Michael Mann’s career is honestly one of the most interesting careers I’ve ever seen from a major director. He’s rarely had a financial hit, and his movies by and large were generally dismissed as pop-corn fluff when they came out. But, as time as has gone on, he’s been hailed as a visionary director, a meticulous and masterful director who is able to make intense and beautiful films out of incredibly simple concepts. When it all boils down, this is a movie about cops and robbers, simple bank robbery stories that could easily have been made in a far more pulpy style, but that manages to become elevated to the point of masterpiece thanks to Mann’s obsession to detail and his innate ability to create deeply flawed and fascinating protagonists. As long as they’re men. Mann certainly has some issues as a storyteller, but when you get into his specific wheelhouse there’s almost no one who can tell the types of stories he tells better than him. I’ve seen it described as “tough stories about tough men making tough decisions,” and that really does kind of describe everything that there’s to know about Mann. At it’s heart Heat is a simple film, a story about a cop chasing a bank robber. But, it’s all brought to such vivid life, largely thanks to Dante Spinotti’s beautiful cinematography that drops us into the hot, sweaty, and angry Los Angeles, and also thanks to the powerhouse performances from both Al Pacino and Robert De Niro. Both men are rightfully considered towering figures in American cinematic acting, and I really think that this film shows two of their finest performances, playing two men who are just absolutely ruined by their obsessions.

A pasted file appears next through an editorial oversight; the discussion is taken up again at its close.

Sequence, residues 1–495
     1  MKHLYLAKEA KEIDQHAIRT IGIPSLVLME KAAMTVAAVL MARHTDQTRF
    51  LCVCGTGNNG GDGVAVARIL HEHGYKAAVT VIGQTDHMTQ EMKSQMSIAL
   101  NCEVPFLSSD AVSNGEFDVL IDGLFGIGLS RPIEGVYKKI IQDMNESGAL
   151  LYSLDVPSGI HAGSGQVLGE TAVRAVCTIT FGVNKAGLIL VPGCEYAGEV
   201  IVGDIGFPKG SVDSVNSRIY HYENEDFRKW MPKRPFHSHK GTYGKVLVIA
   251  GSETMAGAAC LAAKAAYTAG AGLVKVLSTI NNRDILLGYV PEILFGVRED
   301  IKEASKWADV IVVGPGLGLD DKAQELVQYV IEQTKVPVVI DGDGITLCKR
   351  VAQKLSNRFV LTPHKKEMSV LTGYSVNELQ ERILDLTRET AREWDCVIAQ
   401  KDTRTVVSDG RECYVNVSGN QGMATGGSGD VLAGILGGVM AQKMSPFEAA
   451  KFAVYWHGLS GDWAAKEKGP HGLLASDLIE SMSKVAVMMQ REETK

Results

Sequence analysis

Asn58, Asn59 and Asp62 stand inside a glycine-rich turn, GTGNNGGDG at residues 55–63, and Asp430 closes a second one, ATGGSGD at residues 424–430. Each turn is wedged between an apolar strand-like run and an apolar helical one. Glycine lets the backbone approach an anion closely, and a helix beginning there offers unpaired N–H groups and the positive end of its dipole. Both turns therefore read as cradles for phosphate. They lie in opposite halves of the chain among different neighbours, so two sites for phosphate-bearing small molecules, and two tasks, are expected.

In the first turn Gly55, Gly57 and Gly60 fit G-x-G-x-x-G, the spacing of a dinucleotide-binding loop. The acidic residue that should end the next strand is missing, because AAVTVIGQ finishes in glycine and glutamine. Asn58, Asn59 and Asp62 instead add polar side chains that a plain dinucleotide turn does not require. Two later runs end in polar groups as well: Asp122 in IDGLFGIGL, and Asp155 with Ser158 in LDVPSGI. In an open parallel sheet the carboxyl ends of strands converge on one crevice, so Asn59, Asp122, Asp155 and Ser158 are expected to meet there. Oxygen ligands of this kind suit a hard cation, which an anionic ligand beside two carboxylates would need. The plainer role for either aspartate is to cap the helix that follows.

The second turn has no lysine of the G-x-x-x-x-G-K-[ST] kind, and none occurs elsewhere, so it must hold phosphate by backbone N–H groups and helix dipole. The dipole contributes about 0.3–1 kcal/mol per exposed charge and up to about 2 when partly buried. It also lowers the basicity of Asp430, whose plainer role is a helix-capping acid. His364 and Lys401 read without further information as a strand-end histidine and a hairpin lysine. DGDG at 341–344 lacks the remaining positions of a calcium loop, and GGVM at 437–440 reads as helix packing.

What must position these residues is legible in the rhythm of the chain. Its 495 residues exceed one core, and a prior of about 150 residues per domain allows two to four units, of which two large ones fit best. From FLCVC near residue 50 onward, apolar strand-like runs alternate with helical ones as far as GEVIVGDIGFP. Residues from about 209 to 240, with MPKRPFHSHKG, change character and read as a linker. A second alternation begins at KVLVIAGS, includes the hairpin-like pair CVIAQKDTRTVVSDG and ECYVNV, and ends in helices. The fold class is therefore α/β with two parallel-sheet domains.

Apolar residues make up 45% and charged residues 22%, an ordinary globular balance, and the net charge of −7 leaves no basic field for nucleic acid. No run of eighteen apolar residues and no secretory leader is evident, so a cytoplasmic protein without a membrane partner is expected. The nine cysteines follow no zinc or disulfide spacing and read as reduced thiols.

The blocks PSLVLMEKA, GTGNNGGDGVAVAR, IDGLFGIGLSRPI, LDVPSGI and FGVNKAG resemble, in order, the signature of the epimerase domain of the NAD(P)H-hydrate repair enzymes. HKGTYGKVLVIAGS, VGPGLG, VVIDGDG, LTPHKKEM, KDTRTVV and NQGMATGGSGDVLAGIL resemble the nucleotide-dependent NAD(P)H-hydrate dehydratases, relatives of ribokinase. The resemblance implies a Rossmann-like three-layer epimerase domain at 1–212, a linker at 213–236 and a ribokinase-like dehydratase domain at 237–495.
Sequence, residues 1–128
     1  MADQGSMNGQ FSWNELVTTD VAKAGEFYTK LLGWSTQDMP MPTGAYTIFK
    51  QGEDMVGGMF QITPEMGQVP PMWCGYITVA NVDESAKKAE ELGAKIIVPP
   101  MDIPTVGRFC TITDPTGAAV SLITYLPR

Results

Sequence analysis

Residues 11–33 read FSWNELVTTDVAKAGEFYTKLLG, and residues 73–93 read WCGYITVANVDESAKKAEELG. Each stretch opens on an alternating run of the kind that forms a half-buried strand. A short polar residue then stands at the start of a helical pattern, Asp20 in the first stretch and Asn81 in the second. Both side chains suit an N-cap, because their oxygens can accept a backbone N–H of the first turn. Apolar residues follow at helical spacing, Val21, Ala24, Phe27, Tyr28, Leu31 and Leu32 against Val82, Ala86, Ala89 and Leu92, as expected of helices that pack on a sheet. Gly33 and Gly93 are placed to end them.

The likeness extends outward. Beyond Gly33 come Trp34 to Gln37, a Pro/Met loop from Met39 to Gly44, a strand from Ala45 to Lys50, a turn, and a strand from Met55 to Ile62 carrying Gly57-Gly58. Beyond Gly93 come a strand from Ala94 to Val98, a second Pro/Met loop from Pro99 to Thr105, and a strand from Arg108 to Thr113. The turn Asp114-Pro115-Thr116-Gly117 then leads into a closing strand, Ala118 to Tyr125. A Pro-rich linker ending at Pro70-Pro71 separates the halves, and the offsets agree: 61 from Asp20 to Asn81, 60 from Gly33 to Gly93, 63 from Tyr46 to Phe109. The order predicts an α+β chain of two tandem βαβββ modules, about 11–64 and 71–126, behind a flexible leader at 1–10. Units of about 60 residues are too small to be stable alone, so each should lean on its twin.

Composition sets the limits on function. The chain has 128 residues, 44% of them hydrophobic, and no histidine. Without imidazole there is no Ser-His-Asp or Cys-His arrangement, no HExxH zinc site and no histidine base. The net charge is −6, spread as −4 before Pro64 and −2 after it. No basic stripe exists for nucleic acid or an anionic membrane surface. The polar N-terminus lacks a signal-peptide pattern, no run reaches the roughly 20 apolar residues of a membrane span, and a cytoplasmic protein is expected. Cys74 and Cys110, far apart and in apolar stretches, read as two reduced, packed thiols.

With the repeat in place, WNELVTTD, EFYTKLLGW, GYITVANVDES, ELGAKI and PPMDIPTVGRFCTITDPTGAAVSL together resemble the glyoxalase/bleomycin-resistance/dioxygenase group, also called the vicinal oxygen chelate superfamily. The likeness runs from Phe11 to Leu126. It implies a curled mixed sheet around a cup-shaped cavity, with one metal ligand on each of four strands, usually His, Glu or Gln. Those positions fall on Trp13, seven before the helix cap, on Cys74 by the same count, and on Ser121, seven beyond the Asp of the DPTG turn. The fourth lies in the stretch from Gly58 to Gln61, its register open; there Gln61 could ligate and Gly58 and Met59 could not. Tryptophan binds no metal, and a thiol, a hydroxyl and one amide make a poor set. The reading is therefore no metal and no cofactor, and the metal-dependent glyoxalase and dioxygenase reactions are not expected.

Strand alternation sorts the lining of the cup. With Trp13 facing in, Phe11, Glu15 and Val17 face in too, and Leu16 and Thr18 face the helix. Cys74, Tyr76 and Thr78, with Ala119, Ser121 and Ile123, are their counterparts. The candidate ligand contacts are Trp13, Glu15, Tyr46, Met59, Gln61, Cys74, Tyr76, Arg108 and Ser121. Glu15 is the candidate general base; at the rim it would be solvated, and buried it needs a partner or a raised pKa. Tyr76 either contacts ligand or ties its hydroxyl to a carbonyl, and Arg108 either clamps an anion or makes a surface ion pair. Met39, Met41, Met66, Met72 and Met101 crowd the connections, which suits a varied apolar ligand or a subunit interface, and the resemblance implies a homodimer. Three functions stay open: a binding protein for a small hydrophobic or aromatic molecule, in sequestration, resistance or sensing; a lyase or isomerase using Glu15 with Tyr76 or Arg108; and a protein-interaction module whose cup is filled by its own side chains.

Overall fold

Obsession is a fascinating thing, and Michael Mann is one of those directors who just seems to bring it to life in all of it’s alluring and self-destructing nature. Mann himself is clearly a person who struggles with obsession, creating insanely intricate films of staggering length, unable to cut any moment. Plus, when given the chance, he always tends to come back to his films, perfectly willing to release new editions with minor tweaks and changes, always willing to look for new ways to make the film as perfectly representative of what’s in his mind as possible. And, it’s through that personal knowledge of obsession that he’s able to portray it so perfectly. Both McCauley and Hanna are incredibly obsessive men, both completely dominated by their chosen professions to the point that they’re barely fully human any more. McCauley lives a ghost, always willing to drop absolutely everything in his life at the drop of a dime so that he can flee, his entire life revolving around finding the next score, and never having the ability to enjoy his spoils. Hanna has left a string of destructive marriages in his wake, unable to enjoy a normal life because he only feels alive chasing down the absolute worst of humanity, allowing himself to become a cynical shell of a man so that others don’t have to. On the surface ,they’re both appealing figures. The dashing bank-robber who seems to know everything and always has a plan up his sleeve, and the daring detective who is able to track down the worst or the worst and bring them to justice. But, when you actually start to examine these men you start to realize that it may not be worth it, because they’ve sacrificed so much of themselves to reach this point that they’ve become thoroughly broken people. And that obsession is responsible for that, the double-edged blade that promises perfection in their chosen field at the expense of their humanity. It’s just a question of whether or not that price is worth it.
Heat was written and directed by Michael Mann and released by Warner Bros, 1995.
Categories: Cinematic Century